F10 is step over. It executes any functions without stepping into them.
    To step in, use F11.
    i know that Elysia... I had to delete all project files and created a new project with new names... Add all my files and now works fine...

    May have to do with the changes i made (from Debug to Release mode), don't know really

  5. #20
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    In Release, debugging can be somewhat more difficult because the compiler can inline and remove code (optimize), thus it may be seen as stepping over something it shouldn't or jump around erratically and other things. This is normal.
    Quote Originally Posted by Adak View Post
    io.h certainly IS included in some modern compilers. It is no longer part of the standard for C, but it is nevertheless, included in the very latest Pelles C versions.
    Quote Originally Posted by Salem View Post
    You mean it's included as a crutch to help ancient programmers limp along without them having to relearn too much.

    Outside of your DOS world, your header file is meaningless.

  6. #21
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    Quote Originally Posted by Elysia View Post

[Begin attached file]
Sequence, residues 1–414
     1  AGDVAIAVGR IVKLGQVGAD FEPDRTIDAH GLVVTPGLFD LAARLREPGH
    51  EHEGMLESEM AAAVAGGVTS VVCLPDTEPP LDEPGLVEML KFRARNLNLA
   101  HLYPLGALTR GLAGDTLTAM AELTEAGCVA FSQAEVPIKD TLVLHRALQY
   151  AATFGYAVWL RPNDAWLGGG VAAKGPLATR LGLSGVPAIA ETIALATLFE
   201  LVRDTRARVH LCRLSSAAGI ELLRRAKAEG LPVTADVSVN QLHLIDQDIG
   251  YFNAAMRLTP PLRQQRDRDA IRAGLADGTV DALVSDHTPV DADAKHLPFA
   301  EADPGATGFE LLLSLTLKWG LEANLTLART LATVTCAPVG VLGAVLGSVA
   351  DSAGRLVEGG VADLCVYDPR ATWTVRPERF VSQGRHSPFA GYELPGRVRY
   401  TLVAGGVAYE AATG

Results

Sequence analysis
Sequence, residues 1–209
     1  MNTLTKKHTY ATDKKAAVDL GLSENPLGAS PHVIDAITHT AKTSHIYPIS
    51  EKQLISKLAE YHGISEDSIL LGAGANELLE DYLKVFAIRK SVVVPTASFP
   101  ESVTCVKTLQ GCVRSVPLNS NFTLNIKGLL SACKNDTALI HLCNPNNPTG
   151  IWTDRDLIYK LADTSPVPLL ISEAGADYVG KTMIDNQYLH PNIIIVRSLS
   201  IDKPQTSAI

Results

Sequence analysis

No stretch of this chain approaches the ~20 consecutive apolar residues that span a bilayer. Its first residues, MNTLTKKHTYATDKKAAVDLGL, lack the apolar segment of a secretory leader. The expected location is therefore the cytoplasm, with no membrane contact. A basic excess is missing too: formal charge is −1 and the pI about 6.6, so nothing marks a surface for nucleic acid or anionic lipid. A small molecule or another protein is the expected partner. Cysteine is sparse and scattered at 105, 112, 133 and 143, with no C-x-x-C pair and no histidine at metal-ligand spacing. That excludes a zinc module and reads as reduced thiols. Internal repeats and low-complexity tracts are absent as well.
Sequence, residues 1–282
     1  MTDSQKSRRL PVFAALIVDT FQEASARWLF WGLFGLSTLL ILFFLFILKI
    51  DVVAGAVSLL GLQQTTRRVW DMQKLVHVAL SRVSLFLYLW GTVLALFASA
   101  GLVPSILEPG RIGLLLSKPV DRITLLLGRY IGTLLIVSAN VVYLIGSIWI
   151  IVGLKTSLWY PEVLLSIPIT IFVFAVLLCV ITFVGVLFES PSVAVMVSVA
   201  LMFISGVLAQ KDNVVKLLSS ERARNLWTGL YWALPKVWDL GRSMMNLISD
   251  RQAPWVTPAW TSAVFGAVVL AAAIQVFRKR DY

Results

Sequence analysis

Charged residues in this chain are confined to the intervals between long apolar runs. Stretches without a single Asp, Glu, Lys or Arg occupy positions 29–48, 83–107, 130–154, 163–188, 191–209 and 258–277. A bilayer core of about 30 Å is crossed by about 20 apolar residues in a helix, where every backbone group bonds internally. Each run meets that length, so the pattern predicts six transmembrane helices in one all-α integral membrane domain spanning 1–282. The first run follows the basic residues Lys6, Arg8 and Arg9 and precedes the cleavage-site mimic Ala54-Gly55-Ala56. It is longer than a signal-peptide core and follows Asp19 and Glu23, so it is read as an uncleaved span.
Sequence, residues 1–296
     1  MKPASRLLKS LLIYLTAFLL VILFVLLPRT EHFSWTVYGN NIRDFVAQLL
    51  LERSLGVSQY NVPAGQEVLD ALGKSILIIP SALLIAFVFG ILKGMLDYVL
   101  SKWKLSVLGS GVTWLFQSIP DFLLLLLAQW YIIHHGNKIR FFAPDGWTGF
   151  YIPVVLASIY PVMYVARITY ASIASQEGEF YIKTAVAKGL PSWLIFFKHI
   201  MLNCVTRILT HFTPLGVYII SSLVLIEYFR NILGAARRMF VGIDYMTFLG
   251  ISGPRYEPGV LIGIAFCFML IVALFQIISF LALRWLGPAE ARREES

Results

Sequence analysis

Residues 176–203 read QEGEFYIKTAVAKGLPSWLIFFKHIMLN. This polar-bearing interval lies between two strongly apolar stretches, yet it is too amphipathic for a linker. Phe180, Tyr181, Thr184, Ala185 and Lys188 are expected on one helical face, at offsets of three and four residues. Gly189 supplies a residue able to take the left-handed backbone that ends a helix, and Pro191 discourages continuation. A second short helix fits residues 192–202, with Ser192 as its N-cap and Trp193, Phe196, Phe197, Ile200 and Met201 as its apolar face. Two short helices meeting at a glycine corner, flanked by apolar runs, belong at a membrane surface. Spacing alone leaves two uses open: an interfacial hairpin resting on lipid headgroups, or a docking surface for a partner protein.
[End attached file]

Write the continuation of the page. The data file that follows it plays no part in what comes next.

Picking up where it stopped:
In Release, debugging can be somewhat more difficult because the compiler can inline and remove code (optimize), thus it may be seen as stepping over something it shouldn't or jump around erratically and other things. This is normal.
    Indeed - the compiler will re-arrange the code A LOT when optimizing in release-mode, and setting a breakpoint in a function that is inlined will often lead to the breakpoint being skipped. It may also move variable assignments around in relation to functions or if/for/while statements (you have a = 1 before a statement, but the compiler decides that you are not using a until after the statement, so let's move it down a bit). Variable displaying in optimized code is also often flawed, since variable content may skip from one register to another, and sometimes be stored in memory and at other times in a register. The debugger can often be confused by this sort of variable "variability". Another side-effect of optimization may be that variables completely disappear, and that a variable used to count up from 0 to 999 becomes a count down from 999 to 0 because to the logic of the code, all that matters is that it counts 1000 steps, not whether it goes up or down - and counting down saves one instruction compared to counting up - which matters to the compiler. But this also means that your loop variable may not appear in the way you expect it.